Movie review: Paterson captivates through poetry and performance

Jim Jarmusch’s Paterson stars Adam Driver and weaves a fascinating, poetic story around the daily routines of a bus driver. Bleecker Street Media Jim Jarmusch’s Paterson stars Adam Driver and weaves a fascinating, poetic story around the daily routines of a bus driver. Bleecker Street Media

Jim Jarmusch’s Paterson is the culmination of every adjective used to describe the director’s work—poetic, intelligent, philosophical, gorgeous—but with a sense of grounding that makes its style and themes that much more effective. A Jarmusch film is most often an exploration of the artist’s own influences; while he never artificially inserts himself or reduces his characters to mouthpieces, it is never a surprise when the leads begin discussing Iggy Pop in detail. Paterson takes this one step further by actively illustrating an artist’s relationship with inspiration, the process of channeling everyday events and occurrences into art, in an accessible and naturalistic way.

Paterson
R, 118 minutes
Violet Crown Cinema

The film follows a man named Paterson (Adam Driver), a bus driver in Paterson, New Jersey. Paterson (the man) is an amateur poet and a creature of habit, for whom spending time writing verse in his private notebook is as regularly scheduled as walking to work or eating lunch. Paterson lives with his girlfriend, Laura (Golshifteh Farahani), and their bulldog. She is also an artist, a creator of visually striking furniture and cupcakes, with musical aspirations, who encourages him to publish his work. Every day after dinner, Paterson walks the dog past a neighborhood bar where he stops for a beer, and in this bar is a wall dedicated to Paterson’s (the town) most famous residents, including poet William Carlos Williams.

As with many Jarmusch films, Paterson is not about the culmination of the story but about mood and meditation. There is a vignette quality to the progression of the plot, but with characters who are familiar to us, as seen through the eyes of a working-class poet. Paterson observes his passengers and listens to their conversations, fascinated and creatively energized by the temporary intimacy of public transit.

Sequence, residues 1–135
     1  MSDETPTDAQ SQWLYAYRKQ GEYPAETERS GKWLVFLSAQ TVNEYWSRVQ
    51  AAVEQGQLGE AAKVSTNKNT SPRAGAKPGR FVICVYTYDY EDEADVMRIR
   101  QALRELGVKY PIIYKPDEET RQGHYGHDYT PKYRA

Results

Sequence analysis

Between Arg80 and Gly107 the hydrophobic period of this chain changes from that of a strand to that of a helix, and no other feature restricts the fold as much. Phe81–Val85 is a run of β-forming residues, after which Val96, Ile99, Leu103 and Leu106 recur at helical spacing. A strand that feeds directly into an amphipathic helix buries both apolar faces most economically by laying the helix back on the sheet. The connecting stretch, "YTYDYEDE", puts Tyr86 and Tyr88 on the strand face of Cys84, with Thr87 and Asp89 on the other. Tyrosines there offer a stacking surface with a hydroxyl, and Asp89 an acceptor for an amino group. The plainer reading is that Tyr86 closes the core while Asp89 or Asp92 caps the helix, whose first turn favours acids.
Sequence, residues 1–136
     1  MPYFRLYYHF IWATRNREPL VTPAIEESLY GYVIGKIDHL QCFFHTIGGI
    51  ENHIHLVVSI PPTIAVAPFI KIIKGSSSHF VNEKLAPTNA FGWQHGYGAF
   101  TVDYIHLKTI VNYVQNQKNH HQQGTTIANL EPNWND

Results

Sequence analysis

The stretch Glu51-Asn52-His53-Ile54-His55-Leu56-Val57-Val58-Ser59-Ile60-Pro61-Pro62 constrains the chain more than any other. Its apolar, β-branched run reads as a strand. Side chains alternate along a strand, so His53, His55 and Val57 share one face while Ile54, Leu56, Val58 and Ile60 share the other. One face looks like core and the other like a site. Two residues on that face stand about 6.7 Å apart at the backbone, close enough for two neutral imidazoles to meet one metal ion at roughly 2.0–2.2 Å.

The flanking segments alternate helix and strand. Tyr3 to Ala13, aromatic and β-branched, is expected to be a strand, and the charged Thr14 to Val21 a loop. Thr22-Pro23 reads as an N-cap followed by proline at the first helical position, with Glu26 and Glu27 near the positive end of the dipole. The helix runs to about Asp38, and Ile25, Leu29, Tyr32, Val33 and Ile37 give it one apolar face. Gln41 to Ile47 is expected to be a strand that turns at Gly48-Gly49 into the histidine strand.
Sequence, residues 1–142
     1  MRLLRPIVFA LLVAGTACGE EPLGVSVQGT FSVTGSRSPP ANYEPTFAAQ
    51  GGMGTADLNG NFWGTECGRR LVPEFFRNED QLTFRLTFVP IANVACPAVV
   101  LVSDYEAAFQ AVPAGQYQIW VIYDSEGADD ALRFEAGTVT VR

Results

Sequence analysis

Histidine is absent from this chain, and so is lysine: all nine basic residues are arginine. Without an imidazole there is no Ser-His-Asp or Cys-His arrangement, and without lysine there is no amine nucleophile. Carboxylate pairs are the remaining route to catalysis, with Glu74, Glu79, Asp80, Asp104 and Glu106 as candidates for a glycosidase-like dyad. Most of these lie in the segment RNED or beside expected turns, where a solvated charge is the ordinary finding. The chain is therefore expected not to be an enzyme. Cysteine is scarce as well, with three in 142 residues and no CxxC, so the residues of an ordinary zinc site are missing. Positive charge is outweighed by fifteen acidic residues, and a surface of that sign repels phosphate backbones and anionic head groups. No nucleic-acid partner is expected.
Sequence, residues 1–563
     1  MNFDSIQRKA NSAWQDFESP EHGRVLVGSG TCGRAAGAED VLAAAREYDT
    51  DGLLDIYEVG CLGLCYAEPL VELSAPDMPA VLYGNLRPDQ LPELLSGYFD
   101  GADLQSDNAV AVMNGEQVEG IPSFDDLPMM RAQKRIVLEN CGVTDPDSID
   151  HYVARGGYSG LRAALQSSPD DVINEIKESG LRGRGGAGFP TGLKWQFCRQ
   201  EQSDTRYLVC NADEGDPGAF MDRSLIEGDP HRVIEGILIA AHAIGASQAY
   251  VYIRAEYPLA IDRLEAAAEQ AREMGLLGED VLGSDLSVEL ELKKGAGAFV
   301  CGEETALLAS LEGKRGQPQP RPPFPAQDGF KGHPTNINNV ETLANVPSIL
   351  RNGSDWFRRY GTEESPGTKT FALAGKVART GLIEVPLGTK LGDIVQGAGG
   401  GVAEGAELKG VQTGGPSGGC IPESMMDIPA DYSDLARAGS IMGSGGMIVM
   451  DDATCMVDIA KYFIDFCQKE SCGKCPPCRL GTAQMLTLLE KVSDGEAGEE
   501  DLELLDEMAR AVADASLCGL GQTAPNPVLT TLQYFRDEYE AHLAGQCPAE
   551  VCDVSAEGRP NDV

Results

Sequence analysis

Indeed, the poetry of everyday events, locations and people is central to what makes Paterson excel in the quieter moments. Jarmusch is always observant of the inherently poetic. A chance encounter with a rapper (played by Method Man) working on verses to the beat of a washing machine is a wonderful scene, as when Paterson is reading poems by a young girl who also keeps a private journal.

One of Paterson’s poems examines the discovery that there are more than three dimensions, the fourth being time. Though a creature of habit, he is keen on detail and the way passage of time affects seemingly constant or stationary locations. The conversations he overhears on the bus are fascinating because they are present in this exact location. The bus has not changed three of its dimensions, but the fourth is always in flux. The bar is full of characters with stories that occur all over the city but coincide in this one location.

Though a charming film with love for its subject matter and respect for the audience’s intelligence (read: no cheap plot twists or unearned pathos), the glue that holds everything together is without a doubt Driver himself. Quiet, observant and contemplative while never aloof, Driver gives a performance so good it fools you with its naturalism. Jarmusch has found a tremendous muse in Driver, and Paterson finds both doing their best work in already extraordinary careers.


Playing this week

Regal Stonefield 14 and IMAX
The Shops at Stonefield, 244-3213

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Violet Crown Cinema
200 W. Main St., Downtown Mall, 529-3000

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